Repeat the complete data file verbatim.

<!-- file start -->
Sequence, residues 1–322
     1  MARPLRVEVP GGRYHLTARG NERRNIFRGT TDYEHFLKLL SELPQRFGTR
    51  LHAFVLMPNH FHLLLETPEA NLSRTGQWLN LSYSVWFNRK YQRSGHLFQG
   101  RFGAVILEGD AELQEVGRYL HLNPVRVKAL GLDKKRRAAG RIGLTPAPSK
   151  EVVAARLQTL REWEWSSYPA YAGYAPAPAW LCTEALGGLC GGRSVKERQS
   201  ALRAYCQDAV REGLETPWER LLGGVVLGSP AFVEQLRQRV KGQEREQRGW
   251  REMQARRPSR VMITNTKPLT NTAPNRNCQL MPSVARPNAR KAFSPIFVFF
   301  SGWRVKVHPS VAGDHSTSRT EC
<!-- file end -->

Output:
Sequence, residues 1–322
     1  MARPLRVEVP GGRYHLTARG NERRNIFRGT TDYEHFLKLL SELPQRFGTR
    51  LHAFVLMPNH FHLLLETPEA NLSRTGQWLN LSYSVWFNRK YQRSGHLFQG
   101  RFGAVILEGD AELQEVGRYL HLNPVRVKAL GLDKKRRAAG RIGLTPAPSK
   151  EVVAARLQTL REWEWSSYPA YAGYAPAPAW LCTEALGGLC GGRSVKERQS
   201  ALRAYCQDAV REGLETPWER LLGGVVLGSP AFVEQLRQRV KGQEREQRGW
   251  REMQARRPSR VMITNTKPLT NTAPNRNCQL MPSVARPNAR KAFSPIFVFF
   301  SGWRVKVHPS VAGDHSTSRT EC